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Variety Weekly - September 2, 1953
(Article under Copyright)


With Frankie Thomas, Jan Merlin, Al Markim, Edward Bryce, Carter Blake, others
Producer: Allen Ducovny
Director: Ralph Ward
Writer: Albert Aley
30 Min., Sat., 11:30 a.m.
DuMont, from N.Y.

"Tom Corbett, Space Cadet," which Rockhill Productions has resurrected for International Shoe, shapes up as a good entry for the Saturday morning juve viewing time. But the initial presentation on DuMont last week was a shamefully snafued production, one that's inexusable in this advanced television age. Premiere was a conglomeration of flubbed lines, missed cues, forgotten musical background, and general production-direction amateurishness that got the series off to a very bad start, in spite of a highly acceptable script. Flubs went so far as to include a flash commercial for Kellogg, which isn't even connected with the show.

Assuming the flaws will be corrected within the next couple of showings - and corrected they'll have to be, if the show is to survive - the science fictioner should make good juvenile viewing on its alternate week schedule. Initial Albert Aley script has a Frank Merriwell flavor, as Tom Corbett (Frankie Thomas) and his Space Cadet sidekicks, as played by Jan Merlin and Al Markim, saved the old school (the Space Academy) from being eliminated by economy-minded bureaucrats.

Trick was turned by the trio's taking the visiting bigwig on a space flight to show him how the school trained cadets in teamwork and technical skill. Bigwig was unconvinced until they saved his wife and daughter from a spaceship in distress. This type of story line is to be encouraged in the kiddie field. There's no violence or brutality, yet it's the type of story that'll maintain interest throughout and keep the moppets tied to their seats.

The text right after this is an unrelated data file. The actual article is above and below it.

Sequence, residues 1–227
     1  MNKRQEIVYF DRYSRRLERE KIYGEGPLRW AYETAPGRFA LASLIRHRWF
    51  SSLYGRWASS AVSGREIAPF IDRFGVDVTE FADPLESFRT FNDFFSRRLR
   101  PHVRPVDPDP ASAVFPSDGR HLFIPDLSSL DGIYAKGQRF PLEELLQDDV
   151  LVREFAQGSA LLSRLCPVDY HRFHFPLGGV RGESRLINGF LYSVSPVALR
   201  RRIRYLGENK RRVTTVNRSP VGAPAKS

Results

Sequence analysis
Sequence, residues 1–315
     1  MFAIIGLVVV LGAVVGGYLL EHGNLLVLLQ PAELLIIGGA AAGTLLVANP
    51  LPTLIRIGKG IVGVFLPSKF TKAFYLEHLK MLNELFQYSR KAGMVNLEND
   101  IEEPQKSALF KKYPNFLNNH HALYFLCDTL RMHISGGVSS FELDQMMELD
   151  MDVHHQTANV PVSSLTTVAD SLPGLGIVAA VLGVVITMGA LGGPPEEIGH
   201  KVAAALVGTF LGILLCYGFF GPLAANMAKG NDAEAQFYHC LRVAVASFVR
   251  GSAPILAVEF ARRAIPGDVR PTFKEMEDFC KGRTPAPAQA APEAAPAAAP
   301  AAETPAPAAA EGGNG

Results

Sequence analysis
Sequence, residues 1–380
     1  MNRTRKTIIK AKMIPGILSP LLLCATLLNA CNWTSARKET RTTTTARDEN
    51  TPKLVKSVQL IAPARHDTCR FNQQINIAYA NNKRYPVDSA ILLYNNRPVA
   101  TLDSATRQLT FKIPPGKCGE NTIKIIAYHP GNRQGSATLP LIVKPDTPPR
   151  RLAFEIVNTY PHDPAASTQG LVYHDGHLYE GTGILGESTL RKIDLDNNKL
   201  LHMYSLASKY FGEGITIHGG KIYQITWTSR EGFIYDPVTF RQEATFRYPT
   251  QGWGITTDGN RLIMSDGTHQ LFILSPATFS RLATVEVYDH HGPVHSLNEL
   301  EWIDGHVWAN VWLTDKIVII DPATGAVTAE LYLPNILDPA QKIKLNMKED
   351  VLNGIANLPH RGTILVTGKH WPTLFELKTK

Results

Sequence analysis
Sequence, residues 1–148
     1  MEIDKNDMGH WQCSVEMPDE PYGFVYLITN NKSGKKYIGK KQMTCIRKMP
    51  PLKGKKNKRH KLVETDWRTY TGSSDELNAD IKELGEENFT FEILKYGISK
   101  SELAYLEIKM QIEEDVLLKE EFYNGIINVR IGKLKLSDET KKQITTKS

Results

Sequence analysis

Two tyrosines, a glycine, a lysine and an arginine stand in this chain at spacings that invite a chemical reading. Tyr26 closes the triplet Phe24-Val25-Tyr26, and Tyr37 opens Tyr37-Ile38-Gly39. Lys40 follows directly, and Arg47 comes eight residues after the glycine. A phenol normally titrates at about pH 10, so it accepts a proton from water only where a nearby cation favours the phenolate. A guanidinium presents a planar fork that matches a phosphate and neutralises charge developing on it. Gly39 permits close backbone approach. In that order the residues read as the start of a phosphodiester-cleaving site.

Likewise, the technical science-fiction layout is convincing. Producer Albert Ducovny fashioned a believable spaceship layout as one of the sets, and Aley's terminology in convincing. Interspersed film clips are well chosen and fit smoothly into the story line.

On the thepsing side, all concerned had their difficulties on the opener. But cast is well-chosen; Thomas fits into the clean-cut category nicely, and Merlin and Markim make unstereotyped cadets. Edward Bryce is good as a space captain and Carter Blake makes a sympathetic school commander.

Once the kinks are ironed out, DuMont, International Shoe, and Rockhill should have a winner on their hands.


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